Tuesday, January 24, 2017

They Are Better Than You Think They Are

  Going in to spring training a year ago, there was no bigger question mark in Toronto than the rotation. The fleeting summer engagement with David Price ended with heartbreak. Arguably the club’s best pitcher from start to finish, Mark Buehrle, was all but officially retired. Dickey was steady but old. Marco Estrada showed promise but it’s hard to put much faith in someone who had entered the season as a swingman in the middle of his career. The brightest pitchers going in to 2016 were the young Marcus Stroman and Aaron Sanchez, two blue-chip prospects with sky-high ceilings but significant reasons for concern. Was Stroman’s knee ready for a full season? Likewise, could Sanchez break out of the fireballing setup man role and handle a starter’s workload?

   One year later and these worries could not be any further from the minds of Blue Jays fans. The starters were great! Even the bullpen was good and, save for Dickey and a few relievers, the pitching staff remains intact and healthy going in to 2017. Despite this, the tone around Blue Jays fans this offseason has been negative. Not that there’s anything wrong with grieving Edwin’s departure. He’s one of the best power hitters of this generation and there have been no additions to replace him that inspire any confidence at all. But to talk about this team with anything but optimism does the starting pitchers a grave disservice. Not only did they exceed expectations last year, they showed that they are closer to their ceilings than their floors, and there should be more excitement around this team because of it.

    In the face of doubts from a year ago, the Blue Jays pitchers excelled. Sanchez emerged as ace and Stroman’s knee held up to the tune of 204 innings pitched. Estrada and Happ both pitched better than you can hope for the middle of the rotation, at times looking like number one starters themselves. R.A. Dickey, who was fine in 2016, passed the lovable veteran torch on to Francisco Liriano. All told, the Blue Jays had undeniably one of the best starting rotations in the majors last season, leading the American League with a combined WAR of 15.3 and were first in all of baseball with 995.1 innings pitched. Granted, the starters were exceptionally healthy, but that shouldn’t take away from the success and capability these pitchers showed.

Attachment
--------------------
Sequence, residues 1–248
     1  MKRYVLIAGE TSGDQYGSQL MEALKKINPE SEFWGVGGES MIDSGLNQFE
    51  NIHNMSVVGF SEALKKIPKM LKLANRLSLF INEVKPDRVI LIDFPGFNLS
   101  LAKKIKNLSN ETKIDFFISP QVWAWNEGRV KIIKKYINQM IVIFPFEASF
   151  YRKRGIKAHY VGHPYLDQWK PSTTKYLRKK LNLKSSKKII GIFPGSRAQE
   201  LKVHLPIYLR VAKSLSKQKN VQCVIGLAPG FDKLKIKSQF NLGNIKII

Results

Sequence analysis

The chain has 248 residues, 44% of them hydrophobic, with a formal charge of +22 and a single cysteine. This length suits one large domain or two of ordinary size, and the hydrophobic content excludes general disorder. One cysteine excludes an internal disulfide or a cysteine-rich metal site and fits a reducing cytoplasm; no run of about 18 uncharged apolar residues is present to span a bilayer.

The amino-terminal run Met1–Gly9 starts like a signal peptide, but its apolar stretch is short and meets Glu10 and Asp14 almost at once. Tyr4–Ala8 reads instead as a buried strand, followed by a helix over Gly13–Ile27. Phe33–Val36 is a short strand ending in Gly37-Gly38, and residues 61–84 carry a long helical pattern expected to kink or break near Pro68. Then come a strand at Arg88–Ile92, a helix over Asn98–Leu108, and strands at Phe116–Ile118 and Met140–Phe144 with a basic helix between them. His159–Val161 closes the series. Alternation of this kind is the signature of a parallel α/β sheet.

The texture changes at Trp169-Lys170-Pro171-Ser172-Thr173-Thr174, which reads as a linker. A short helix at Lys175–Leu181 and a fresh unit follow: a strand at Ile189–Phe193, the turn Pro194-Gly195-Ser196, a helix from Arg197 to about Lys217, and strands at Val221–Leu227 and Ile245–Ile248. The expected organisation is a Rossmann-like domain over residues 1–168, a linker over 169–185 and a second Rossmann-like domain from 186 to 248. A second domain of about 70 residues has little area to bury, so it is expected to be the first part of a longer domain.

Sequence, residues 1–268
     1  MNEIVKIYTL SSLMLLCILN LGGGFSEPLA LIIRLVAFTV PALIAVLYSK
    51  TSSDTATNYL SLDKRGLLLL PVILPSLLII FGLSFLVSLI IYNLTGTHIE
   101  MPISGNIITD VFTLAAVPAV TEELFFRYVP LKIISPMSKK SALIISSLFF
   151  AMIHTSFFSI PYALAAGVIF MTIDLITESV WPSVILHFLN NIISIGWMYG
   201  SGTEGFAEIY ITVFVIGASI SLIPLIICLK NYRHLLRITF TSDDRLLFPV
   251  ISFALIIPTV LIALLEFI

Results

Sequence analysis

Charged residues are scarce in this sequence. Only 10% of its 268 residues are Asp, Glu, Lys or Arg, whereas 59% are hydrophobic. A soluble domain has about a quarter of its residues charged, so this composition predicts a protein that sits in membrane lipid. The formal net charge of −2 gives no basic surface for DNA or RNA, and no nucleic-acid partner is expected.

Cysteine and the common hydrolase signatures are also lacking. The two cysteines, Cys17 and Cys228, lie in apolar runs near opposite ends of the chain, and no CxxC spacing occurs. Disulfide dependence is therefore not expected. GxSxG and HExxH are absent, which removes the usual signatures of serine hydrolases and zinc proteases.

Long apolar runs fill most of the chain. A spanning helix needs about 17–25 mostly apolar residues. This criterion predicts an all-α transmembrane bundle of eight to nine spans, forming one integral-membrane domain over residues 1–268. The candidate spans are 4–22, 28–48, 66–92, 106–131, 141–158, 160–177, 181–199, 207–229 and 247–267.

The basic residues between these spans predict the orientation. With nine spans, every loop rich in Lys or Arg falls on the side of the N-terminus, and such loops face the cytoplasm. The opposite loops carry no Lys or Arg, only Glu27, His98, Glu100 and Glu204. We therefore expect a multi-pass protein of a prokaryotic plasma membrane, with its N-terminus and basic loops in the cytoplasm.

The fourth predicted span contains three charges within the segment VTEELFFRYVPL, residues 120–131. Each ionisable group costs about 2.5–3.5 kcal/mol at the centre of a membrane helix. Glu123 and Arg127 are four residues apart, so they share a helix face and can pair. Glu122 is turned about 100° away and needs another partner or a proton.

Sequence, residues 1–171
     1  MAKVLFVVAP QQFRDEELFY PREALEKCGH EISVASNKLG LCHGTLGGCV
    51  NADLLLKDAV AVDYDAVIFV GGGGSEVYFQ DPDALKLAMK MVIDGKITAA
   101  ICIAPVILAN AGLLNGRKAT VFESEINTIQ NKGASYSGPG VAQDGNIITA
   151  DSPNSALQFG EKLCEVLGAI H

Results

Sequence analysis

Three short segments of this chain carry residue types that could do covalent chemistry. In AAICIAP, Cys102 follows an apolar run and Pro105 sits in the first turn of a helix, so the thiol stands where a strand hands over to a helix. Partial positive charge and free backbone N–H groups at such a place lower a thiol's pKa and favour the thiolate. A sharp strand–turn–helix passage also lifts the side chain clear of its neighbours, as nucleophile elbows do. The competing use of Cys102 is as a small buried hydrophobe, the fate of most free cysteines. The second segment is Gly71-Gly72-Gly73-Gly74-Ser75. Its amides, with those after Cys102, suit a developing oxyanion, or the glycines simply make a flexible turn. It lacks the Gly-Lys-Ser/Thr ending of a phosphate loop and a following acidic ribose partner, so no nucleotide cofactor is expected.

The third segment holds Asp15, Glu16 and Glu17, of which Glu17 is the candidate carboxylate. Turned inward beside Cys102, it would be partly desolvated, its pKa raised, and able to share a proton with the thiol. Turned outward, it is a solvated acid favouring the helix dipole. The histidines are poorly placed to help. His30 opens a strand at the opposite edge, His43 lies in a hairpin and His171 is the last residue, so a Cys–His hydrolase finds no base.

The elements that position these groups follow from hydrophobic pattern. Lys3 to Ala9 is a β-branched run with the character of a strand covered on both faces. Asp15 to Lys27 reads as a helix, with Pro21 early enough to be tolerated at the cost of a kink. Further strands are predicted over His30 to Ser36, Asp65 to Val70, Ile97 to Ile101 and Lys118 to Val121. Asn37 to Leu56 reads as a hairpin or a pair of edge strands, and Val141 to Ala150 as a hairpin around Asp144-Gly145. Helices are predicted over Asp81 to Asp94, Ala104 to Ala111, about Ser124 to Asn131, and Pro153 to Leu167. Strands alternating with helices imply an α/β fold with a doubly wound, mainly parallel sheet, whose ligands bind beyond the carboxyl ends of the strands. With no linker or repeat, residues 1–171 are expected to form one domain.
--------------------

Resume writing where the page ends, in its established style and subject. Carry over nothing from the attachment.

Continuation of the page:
The Blue Jays starters didn’t just spend 2016 dominating either: they were improving. Sanchez, Stroman, and Estrada all posted better strikeout rates than they did in 2015. J.A. Happ pitched the most innings of his ten year career. Francisco Liriano, who the Pirates gave up assets to ship out of town, went from an ERA of 5.46 in Pittsburgh to just 2.90 in Toronto, even with the switch to the American League. Any one of these pitchers could easily take two steps back for each one they took forward, but the evidence points overwhelmingly towards a staff that will be just as good, if not better, this year.

   There is reason to believe in the 2017 Toronto Blue Jays, and the driving force in this faith will be run prevention, not production, something fans of this team haven’t felt in years. For the first time since 1998, the Toronto Blue Jays will start the season with the defending ERA champion in their rotation, and he might not even be their best pitcher. They have youth, experience, and are coming off one of the best seasons of pitching in franchise history. Marcus Stroman is a goddamn monster, downward plane be damned. We’ve seen great pitching before, but this rotation runs deep. This isn’t Roy Halladay and four days of praying for rain. Yes, you need greatness from your hitters too if you're going to win a World Series and Toronto’s offence will need to outperform expectations to even match last years production. But that doesn’t mean you shouldn’t expect a contender again this year anyway: their pitching demands it.

   The pitching staff isn’t foolproof. There are probably better fifth starters available than Francisco Liriano. Someone will almost inevitably end up hurt. Regression comes for us all. But fielding a rotation as strong, deep, and still with as much room for improvement as the Blue Jays are looking at right now is very, very encouraging, and no one should be surprised if this team hums and chucks their way to October in 2017.